The name Polk invokes a certain brand promise--one of quality and value built over a long history of fine products in home audio and beyond. My own personal history with Polk dates back to my first after-market car audio system, put together with Polk dB speakers back in the early 2000s. And for the home, the Polk LSi 707s (precursor to the current LSiM series) were part of my first foray into quality hi-fi audio. So, when I was offered the opportunity to review the S55 tower speakers from Polk's new Signature line, I jumped at the chance.
The Signature line is one step up from the company's entry-level T-series speakers. There are three tower speakers in the Signature line. The S55 is the middle one in the range; it uses the same tweeter as the other two models, mated with dual 6.5-inch midrange woofers. The S50 features two 5.25-inch woofers, while the S60 carries three 6.5-inch woofers. The S55 retails for $329.95 each.
Weighing in at 44 pounds each, the S55s were fairly easy to unbox and maneuver upstairs into my third-floor living room, a fact that I appreciated greatly. It's an important consideration, as I often find that most floorstanding speakers--especially those with traditional driver designs--tend to be of the forklift-required variety. I don't know about you, but I certainly am not competing for any strongman titles in the near future.
Wireworld's Silver Eclipse were my cables of choice to connect the Polks to the Anthem MCA 525 amplifier or, alternatively, my reference Crown XLS 2500 amplifier. Two sets of speaker posts on back allow for bi-wiring, if desired, and it was very easy to access them to connect the cables. The Anthem AVM 60 served as preamp/controller, and the Sony PlayStation 3 spun my shiny discs.
I'm a huge Trekkie. With Star Trek Discovery (the first Star Trek series on TV in well over a decade) coming this fall, I was in the mood to do some reviewing of old material to make sure I am fresh on all the important stories in the Star Trek universe. I know that Enterprise (Blu-ray, Paramount) isn't the most well liked series of the bunch, but it has, in my opinion, one of the coolest theme songs: "Faith of the Heart," featuring British singer Russel Watson doing his rendition of an old Rod Stewart classic. It's a great song for testing out the musicality of any speakers. You get Watson's voice smooth with that familiar classic-rock ballad-style passion, but a bit deeper and with more gravitas than Stewart's original version. The accompanying steel stringed guitar was presented with excellent clarity. The S55 didn't have quite the precision and crispness up top that you get from a higher-end performance class--like Polk's own LSiM speakers, for instance. Then again, at $660/pair, one ought not to expect that. The S55s also did a good job with the tone of the viola, but I didn't feel the full heftiness of it until I brought in my SVS PC-13 Ultra sub.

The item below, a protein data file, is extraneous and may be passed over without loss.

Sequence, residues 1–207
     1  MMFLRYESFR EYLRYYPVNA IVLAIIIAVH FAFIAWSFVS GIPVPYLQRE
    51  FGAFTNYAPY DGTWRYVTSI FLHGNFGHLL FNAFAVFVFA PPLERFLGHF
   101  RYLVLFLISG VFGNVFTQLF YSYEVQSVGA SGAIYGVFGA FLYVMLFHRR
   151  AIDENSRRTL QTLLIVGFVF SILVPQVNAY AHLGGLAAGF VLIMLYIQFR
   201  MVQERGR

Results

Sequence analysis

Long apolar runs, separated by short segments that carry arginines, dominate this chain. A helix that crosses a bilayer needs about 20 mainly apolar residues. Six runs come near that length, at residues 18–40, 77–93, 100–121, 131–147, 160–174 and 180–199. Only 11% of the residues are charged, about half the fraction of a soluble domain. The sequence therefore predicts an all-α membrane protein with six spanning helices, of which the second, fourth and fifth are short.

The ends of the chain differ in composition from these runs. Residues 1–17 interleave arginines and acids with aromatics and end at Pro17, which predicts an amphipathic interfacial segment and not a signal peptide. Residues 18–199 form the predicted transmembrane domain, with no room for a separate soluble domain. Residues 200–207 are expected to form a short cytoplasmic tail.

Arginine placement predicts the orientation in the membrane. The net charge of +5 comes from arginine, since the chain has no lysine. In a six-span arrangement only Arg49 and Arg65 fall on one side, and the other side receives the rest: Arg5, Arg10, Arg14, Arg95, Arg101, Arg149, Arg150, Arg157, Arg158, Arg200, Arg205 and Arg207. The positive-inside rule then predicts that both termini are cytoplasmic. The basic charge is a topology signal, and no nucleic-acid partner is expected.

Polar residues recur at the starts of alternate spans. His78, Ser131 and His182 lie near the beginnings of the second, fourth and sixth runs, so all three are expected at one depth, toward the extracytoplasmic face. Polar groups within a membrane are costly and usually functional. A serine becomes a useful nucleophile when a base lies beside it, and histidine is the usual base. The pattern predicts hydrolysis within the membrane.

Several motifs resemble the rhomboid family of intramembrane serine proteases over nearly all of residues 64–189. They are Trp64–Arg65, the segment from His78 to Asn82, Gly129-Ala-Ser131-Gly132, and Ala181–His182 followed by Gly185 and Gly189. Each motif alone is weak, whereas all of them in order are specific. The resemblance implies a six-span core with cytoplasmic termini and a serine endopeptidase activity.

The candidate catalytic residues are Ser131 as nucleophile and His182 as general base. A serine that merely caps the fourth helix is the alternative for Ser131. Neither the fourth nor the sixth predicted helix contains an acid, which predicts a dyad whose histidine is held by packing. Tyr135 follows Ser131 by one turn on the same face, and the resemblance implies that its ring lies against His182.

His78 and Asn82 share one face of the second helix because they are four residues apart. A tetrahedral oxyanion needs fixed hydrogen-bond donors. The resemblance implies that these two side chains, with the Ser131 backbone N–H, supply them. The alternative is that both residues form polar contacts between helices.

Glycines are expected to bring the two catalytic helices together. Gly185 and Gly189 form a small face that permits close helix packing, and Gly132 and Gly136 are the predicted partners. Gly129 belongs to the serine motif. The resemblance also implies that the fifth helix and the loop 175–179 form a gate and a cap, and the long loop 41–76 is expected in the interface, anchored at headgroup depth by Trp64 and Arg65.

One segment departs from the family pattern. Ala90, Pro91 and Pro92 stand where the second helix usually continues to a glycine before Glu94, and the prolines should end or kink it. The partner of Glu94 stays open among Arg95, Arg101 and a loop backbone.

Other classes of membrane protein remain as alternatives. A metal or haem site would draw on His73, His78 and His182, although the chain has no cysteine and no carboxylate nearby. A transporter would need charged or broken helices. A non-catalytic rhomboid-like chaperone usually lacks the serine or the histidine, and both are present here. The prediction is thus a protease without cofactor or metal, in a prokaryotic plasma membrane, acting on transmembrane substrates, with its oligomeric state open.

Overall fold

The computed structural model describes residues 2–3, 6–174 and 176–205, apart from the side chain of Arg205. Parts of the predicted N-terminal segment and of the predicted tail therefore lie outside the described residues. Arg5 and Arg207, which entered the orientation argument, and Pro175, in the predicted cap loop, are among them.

In two-channel mode, without subs, the Polks effortlessly filled my room (which is about 17 feet deep, 13 across, and 9 feet tall and shaped in a fairly symmetric enclosed rectangle); I didn't sense any gaps in the room in terms of coverage. However, when I opened the doors, leaving the left wall largely exposed to the rest of the house, the sound got a bit thinner. The S55s still managed to pressurize the space, but I was left with the feeling that they were working harder to do so.
Next up was a little instrumental from Kenny G's Breathless album (CD, Arista). I cued up his hit "Forever in Love." The Polk Signature S55s did not disappoint here. They locked on to the texture and tone of Kenny G's smooth sax just right. Midrange notes were done well, with great detail so that you could hear all the air that went into each note change. I could even make out the sound of air resonating in the sax chamber. No, it wasn't as detailed as I hear through my reference B&W CM6 S2 monitors; but again, at this price point, I was highly satisfied with the Polk speakers' musicality.
Polk also sent along the S35 center ($249.95) and a pair of the S15 bookshelf speakers ($199.95/pair) so that I could do a complete multichannel system evaluation. The S35 features a one-inch tweeter and six three-inch midrange drivers; Polk labels the S35 as a slim center speaker, since it stands roughly four inches tall and has a depth of 6.1 inches. Its low profile allows it to sit on a mantel or be set in front of your TV, with less likelihood of blocking the screen. It's also wall-mountable. The S15 combines a one-inch tweeter with a 5.25-inch midrange driver.
Putting the complete system through its paces with The Matrix (Blu-ray, Warner Brothers), the Signature speakers were able to fully deliver from all angles with my favorite torture test: the Lobby Shooting Spree. Bullets ricocheting, concrete bits flying, kung fu punches and kicks--all portrayed with very good clarity. Playing with just a 5.0 complement (no subwoofer), the Polks still did well with the low bass notes in the background score. But together with a competent sub like my SVS PC-13 Ultra, the system really excelled. I'm sure if I did an A/B test with a much more costly system, I could hear some differences--but in listening to the Polk system on its own, I couldn't point out any significant shortcomings.
Dialogue through the S35 was clear and easy to follow, which made for an overall engaging movie experience. You don't get that hollow, tinny sound that's so common with lesser-quality speakers in this price range that just scream cheap. With all speakers firing, even when I opened the doors to my listening room, the Polks had no trouble driving sound to pressurize the whole listening space. The sound presentation wasn't quite as even as that of my reference speakers when I moved outside the sweet spot listening position.
Click over to Page Two for The Downside, Comparison & Competition, and Conclusion...